gek-opel
25-05-2006, 07:47 PM
I remain somewhat unconvinced by niceness... (many of the highest achievers are equally mean spirited egotists who care nothing for others.... it can tip both ways) however "not being a cunt" seems to be quite a good rule... too many ad hominem arguments kill a board... dead. (and they are dull too!)

zhao
25-05-2006, 10:58 PM
it can tip both ways

yeah DJ Spooky is a conceited twat and a half and I guess he's considered a "high achiever"...

revision: I don't mean all "successful" people in society's eyes are down-to-earth and nice. I don't mean the opportunists and the shameless self-promoters - I mean the people of a higher consciousness, the "real" artists and visionaries out there, they are almost always humble and gracious. they are always driven by a genuine love, instead of worldly gain or recognition.

the undisputed truth
25-05-2006, 11:04 PM
I save my humility and noble values for real life...

...it's safer to just play tit for tat on line ;)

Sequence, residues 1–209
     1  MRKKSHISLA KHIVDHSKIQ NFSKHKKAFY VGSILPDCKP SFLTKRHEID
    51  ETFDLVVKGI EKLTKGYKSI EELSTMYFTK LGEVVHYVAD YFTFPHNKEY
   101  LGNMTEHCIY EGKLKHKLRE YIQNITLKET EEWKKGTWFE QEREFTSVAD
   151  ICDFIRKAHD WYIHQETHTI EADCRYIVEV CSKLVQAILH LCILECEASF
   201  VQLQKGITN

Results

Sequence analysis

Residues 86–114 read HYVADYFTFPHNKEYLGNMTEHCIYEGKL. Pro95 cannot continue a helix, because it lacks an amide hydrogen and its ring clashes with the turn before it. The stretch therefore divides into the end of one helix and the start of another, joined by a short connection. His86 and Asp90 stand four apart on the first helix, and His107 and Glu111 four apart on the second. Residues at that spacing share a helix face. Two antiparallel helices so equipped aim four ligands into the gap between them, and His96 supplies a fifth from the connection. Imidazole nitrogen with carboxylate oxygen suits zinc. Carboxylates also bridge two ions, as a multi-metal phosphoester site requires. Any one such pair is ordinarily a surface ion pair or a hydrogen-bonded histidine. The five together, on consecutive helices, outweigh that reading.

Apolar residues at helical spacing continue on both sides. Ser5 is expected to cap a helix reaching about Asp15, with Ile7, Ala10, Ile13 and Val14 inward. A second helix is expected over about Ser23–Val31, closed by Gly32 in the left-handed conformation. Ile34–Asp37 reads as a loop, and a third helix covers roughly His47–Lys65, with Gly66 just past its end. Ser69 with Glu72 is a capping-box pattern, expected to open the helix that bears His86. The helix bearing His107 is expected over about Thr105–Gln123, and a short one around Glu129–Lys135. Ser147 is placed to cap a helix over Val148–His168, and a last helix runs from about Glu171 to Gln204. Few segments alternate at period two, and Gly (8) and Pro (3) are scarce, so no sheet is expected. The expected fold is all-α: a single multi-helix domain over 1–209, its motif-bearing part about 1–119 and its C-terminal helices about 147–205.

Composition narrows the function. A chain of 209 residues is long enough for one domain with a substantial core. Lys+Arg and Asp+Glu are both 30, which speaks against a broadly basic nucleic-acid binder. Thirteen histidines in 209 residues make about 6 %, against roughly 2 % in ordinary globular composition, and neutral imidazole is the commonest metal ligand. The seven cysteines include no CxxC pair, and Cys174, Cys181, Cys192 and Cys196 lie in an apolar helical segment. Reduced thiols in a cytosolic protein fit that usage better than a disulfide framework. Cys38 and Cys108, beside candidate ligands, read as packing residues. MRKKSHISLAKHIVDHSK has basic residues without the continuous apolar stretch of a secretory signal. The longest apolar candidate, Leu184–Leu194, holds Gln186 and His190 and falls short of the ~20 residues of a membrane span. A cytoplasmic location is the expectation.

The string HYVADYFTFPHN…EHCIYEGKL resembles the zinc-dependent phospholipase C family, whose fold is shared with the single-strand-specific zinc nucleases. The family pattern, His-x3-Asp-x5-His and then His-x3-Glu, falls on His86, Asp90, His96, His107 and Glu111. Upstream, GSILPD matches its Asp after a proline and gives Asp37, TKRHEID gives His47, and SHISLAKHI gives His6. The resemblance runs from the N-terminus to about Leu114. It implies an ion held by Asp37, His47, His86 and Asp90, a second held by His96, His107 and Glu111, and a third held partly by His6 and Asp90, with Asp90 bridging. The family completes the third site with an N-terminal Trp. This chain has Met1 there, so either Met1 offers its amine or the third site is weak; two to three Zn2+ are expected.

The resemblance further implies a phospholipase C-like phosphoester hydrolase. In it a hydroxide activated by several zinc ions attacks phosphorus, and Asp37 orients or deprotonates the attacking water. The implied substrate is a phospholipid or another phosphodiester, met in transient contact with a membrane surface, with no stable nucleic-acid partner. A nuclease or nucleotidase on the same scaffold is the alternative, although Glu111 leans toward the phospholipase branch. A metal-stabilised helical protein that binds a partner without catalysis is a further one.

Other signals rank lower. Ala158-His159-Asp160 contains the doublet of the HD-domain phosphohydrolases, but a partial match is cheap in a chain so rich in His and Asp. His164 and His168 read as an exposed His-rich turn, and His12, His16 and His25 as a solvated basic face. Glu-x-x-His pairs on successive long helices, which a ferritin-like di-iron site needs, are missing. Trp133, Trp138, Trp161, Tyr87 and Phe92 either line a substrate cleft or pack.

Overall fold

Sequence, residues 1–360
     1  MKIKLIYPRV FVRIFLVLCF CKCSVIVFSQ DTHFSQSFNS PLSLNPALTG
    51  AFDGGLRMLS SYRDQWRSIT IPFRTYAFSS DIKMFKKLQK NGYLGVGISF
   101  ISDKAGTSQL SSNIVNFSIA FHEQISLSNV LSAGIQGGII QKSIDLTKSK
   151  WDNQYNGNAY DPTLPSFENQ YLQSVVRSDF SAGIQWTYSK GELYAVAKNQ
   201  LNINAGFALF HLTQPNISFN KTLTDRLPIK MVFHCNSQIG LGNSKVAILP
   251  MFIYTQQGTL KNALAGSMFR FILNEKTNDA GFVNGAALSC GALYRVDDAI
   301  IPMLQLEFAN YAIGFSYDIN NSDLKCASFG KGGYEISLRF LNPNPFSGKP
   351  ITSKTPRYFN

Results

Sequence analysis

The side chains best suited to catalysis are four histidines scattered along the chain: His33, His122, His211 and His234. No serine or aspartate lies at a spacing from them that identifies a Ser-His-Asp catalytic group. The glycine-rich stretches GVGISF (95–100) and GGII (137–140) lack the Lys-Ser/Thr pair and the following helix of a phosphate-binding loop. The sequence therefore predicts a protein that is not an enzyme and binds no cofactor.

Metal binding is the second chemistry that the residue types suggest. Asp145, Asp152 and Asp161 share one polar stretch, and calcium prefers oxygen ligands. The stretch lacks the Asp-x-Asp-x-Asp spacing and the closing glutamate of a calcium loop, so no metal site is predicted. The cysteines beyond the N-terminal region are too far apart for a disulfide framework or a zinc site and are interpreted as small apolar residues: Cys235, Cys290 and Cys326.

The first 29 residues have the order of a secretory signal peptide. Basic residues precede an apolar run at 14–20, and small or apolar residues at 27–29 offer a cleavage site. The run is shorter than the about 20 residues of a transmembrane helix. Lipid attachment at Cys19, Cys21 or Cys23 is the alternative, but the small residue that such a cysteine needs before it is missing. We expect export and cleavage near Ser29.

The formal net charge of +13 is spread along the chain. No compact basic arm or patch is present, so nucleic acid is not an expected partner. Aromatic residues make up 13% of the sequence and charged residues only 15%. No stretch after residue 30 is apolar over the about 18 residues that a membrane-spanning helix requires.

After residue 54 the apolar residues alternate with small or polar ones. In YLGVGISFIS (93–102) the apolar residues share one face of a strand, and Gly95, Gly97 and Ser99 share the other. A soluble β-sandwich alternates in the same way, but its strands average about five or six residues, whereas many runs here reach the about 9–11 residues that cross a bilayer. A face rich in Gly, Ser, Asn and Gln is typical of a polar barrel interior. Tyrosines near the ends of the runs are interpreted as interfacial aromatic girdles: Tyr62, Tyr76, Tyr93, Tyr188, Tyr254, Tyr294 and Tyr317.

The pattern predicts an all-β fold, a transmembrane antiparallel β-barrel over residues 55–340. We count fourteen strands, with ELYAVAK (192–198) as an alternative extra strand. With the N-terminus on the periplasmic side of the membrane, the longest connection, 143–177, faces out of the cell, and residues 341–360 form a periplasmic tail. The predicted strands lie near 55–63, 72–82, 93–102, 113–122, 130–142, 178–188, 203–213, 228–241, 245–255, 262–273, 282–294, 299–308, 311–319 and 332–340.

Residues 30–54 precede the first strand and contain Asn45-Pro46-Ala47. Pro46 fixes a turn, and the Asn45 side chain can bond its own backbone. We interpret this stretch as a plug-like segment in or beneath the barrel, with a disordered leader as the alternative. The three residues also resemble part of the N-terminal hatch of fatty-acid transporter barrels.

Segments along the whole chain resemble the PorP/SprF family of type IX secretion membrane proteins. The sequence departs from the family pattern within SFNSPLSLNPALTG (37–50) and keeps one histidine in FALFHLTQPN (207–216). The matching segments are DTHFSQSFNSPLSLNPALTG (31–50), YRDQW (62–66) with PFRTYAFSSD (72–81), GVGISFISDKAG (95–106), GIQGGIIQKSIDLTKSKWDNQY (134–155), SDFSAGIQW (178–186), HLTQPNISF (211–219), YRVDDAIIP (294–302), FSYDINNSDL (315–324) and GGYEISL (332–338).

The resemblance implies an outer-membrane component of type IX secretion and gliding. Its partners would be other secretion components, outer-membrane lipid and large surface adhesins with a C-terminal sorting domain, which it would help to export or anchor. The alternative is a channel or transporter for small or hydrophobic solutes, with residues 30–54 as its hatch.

http://www.abc.net.au/science/slab/tittat/story.htm

D84
26-05-2006, 03:40 AM
For me it's quite simple. If I meet someone new I know nothing about them nor them about me - so it's always best to be polite and see what they have to offer...

I guess it also comes from being a student and being proved wrong so many times by teachers etc. It's nothing to be ashamed of: it's all part of the learning process.

If someone is rude or something my reactions depend on my mood or the context - eg. I might start an argument or I might move on.

Most people end up getting filed under "Idiot" though - right under me of course... ;)

And as a friend said recently, if you go around demanding or expecting respect, you're likely to get none.

dogger
26-05-2006, 10:39 AM
yeah DJ Spooky is a conceited twat and a half and I guess he's considered a "high achiever"...

revision: I don't mean all "successful" people in society's eyes are down-to-earth and nice. I don't mean the opportunists and the shameless self-promoters - I mean the people of a higher consciousness, the "real" artists and visionaries out there, they are almost always humble and gracious. they are always driven by a genuine love, instead of worldly gain or recognition.

weeell, real geniuses, the once-in-a-generation masters, are "driven by a genuine love", sure, in the sense that they are completely consumed by their work, they have to be. but no real genius is unaware of his talents. if we're looking for common trends, this more often leads to a contempt for/inability to interact "nicely" with lesser mortals.